Home » Uncategorized » You won’t like me when I’m angry (I don’t)

You won’t like me when I’m angry (I don’t)

After all that rain it rather lovely to have the spring flowers out – the latest being the Magnolia trees. I feel sorry for the Magnolia. Unfortunately, the name now just seems to conjure up the bland monotony of the paint job just before you sell a house because it is unlikely to cause offence. Which is a bit strange, as it is a spectacular tree at this time of year with its huge, ephemeral flowers – beautiful for the moments they are open until the first decent rain shower or strong wind, at which point the show is over and scattered on the ground.

But while they last, just like the blossom and the daffodils you would think the magnolia would contribute to a smile inducing epidemic of goodwill.

Well, I did see a lot of that – and related over enthusiastic wearing of summer clothes, the teenage hot pants outside Tesco on Sunday being particularly brave – and/or picnics etc at the weekend. But I also seemed to run into a lot of anger, and it made me wonder about the nature of that anger and what, if anything it sought to achieve.

Two incidents in particular stuck in my mind. First was a young man who was having a tantrum. Sorry if that sounds a bit condescending, but there is no other way of describing a young adult jumping up to take some sort of frustration out on a ‘For Sale’ board as he passed it with a fist, almost knocking it over. It was too early in the day to be sports related so I’m guessing relationship issues, but hey, we all have those. As it happens there was an older man parked nearby in a car, and he clearly said something because the next thing I knew the young man was over there, unleashing angry abuse at the car’s occupant. I think he thought he was being scary or something. I just wanted to laugh because the poor lad’s mouth, flipping up and down in the urge to get all the anger out so quickly just made him look like Beaker from the Muppets.

Eventually he gave up and stomped off, leaving some sad head shaking in his wake both from both myself and the car occupant (who had remained calm throughout the torrent).

Then there was yesterday morning, where I saw a cyclist slapping on the window and shouting at the driver of a car while we all stood stationary at a roundabout. Now, I have a lot of sympathy for cyclists (many of my friends are enthusiastic ones) and a lot of car drivers simply don’t pay enough attention. But there is a line.

As it happens, I’ve seen this cyclist a lot on this route, and he cycles aggressively and he had been weaving his way through the traffic a moment before without any really need I could see, but that is not the point.

In fact, I don’t see what the point was.

As with my check shirted Muppet two days earlier, nothing was achieved from this outpouring of anger. Did it make him feel better? I doubt it. People talk about letting off steam but it is just an excuse – and anyway a boiler just builds up pressure again, the furnace is still burning after all.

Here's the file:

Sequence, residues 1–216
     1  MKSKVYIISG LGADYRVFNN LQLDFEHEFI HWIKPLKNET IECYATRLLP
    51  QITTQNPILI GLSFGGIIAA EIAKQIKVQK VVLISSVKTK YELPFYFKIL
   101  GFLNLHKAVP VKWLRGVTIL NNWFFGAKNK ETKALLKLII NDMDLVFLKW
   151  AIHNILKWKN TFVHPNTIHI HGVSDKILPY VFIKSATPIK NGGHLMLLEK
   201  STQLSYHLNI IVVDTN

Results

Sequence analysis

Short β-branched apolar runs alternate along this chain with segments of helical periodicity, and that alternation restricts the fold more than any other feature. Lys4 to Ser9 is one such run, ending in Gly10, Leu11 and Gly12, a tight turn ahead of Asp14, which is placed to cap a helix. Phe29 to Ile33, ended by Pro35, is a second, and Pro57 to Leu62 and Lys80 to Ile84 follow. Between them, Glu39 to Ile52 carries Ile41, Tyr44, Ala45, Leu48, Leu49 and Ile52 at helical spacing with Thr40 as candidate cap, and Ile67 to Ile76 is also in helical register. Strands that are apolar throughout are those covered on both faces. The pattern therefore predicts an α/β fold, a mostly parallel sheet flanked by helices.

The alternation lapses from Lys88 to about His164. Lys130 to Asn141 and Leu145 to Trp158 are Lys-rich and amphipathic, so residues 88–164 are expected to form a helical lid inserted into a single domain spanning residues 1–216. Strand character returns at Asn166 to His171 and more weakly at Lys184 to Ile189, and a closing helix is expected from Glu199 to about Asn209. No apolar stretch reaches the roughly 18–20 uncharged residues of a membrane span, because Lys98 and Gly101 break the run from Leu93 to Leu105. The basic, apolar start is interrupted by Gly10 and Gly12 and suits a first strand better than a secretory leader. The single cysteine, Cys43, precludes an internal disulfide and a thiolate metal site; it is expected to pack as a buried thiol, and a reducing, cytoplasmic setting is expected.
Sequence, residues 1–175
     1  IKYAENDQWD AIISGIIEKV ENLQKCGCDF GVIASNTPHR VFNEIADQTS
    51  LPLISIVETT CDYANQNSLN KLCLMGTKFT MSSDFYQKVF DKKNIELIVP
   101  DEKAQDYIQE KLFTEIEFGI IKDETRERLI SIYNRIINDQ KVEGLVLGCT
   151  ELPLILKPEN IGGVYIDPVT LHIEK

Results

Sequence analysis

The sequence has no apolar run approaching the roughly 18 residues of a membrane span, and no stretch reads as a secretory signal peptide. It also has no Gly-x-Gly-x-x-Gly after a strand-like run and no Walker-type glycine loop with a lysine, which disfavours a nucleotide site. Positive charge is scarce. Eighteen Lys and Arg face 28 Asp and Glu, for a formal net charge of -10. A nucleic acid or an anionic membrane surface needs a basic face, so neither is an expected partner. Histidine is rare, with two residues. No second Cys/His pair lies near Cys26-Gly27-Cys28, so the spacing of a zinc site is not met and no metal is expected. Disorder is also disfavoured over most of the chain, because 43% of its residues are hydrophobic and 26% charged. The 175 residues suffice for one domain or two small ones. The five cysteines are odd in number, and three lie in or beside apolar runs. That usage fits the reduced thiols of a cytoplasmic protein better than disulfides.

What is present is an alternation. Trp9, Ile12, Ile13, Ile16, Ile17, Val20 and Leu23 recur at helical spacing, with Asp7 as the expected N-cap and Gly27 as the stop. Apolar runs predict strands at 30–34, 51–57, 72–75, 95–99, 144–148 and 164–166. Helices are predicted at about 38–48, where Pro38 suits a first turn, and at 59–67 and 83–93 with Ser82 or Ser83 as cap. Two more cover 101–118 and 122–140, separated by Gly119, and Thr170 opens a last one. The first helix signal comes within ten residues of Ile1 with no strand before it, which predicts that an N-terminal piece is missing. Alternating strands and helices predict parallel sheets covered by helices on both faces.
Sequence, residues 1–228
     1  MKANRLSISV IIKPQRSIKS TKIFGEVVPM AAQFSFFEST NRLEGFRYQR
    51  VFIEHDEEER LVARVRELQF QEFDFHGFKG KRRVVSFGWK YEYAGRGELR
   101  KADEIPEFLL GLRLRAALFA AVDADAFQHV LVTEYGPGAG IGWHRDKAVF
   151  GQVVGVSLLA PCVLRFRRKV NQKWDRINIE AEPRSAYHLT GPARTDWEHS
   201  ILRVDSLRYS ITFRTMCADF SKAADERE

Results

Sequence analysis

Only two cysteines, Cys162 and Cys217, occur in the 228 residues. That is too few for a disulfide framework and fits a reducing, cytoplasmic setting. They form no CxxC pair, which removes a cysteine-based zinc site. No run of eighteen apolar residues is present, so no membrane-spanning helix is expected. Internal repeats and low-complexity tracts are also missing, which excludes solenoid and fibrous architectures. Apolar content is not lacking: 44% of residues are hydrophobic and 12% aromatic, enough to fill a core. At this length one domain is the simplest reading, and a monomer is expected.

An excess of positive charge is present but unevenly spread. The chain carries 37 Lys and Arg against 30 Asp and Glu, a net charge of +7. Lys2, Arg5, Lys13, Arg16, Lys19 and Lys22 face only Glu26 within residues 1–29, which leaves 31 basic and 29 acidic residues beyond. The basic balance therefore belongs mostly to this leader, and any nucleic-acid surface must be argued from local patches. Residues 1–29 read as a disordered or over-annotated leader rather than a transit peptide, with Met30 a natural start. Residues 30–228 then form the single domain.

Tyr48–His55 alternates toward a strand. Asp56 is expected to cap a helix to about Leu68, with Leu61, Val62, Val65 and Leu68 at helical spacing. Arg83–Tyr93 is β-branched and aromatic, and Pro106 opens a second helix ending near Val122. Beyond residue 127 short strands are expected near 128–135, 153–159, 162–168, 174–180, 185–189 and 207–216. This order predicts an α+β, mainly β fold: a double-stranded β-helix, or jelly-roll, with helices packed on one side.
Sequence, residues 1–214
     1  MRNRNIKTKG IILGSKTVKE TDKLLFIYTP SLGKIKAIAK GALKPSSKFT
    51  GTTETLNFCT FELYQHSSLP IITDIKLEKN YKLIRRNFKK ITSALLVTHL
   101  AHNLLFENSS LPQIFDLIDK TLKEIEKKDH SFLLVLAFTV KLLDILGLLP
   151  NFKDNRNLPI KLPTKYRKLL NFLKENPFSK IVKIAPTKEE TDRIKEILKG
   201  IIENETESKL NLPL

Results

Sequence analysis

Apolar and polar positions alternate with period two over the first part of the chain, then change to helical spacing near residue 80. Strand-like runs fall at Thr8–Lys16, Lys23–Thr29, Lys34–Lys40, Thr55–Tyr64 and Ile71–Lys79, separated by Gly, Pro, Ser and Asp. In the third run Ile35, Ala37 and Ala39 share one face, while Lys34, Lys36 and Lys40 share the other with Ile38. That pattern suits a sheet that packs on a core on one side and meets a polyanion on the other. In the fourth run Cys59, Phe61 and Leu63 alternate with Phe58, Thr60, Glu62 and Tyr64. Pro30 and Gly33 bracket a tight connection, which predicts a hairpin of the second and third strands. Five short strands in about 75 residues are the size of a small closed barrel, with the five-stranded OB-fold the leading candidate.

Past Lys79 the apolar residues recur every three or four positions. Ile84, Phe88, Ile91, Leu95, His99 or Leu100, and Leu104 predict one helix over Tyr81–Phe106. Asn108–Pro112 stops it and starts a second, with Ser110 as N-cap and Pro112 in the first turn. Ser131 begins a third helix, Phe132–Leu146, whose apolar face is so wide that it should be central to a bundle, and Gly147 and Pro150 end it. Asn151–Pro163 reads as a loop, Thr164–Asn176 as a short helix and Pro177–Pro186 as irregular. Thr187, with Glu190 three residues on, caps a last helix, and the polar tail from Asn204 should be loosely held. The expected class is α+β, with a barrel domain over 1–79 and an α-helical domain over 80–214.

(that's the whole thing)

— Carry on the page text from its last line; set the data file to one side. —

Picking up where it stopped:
Would shouting at the driver make him or her drive better? Again, I doubt it. It just makes them upset and mad in their turn, and they’ll take it out on their co workers, other road users and their family, spreading the hate.

So, where do we get this idea that we have the right to abuse another human being? In my opinion both of these cases were abuse, nothing more and nothing less. If that cyclist had been acting the way I saw him act with say his wife, or child, it would have been considered outrageous and most people would be calling for the police. But just because it is a complete stranger it is somehow OK to lay into them.

I am not sure it can be OK, in any circumstance, if we ever want to profess to belonging to a civilised society. That kind of observed anger is an animal response and it just begets anger and retaliation. It never leads to anything positive.

Anger can be positive as it provides drive and determination and if channelled appropriately. I can be angry at Government policy, or corporate activity I don’t agree with, or the actions of an individual stupid driver, but I should channel that anger into informed peaceful protest, action at the ballot box or purchase choice or a quiet word of admonition. My mother always used to get the job of taking stuff back to a shop or ‘complaining’ in any context because she never raised her voice and frankly charmed them into not only refunding but also often ended up with some kind of bonus on the side because people were so grateful she  was so graceful about it.

Slamming on a window and shouting abuse at the entrance to a roundabout is, in my opinion, self destructive and stupid. Calmly pointing out to someone they almost killed you is much more likely to get a shocked response which just might stick in the idiot driver’s head and make them remember to be more careful next time. I mean it.

I need to remember to do it myself. Because the red faced blustering and ineffectual monster I turn into when I lose my temper really has no place in the world. I need to act with a lot less anger and self righteousness and a lot more grace.

 

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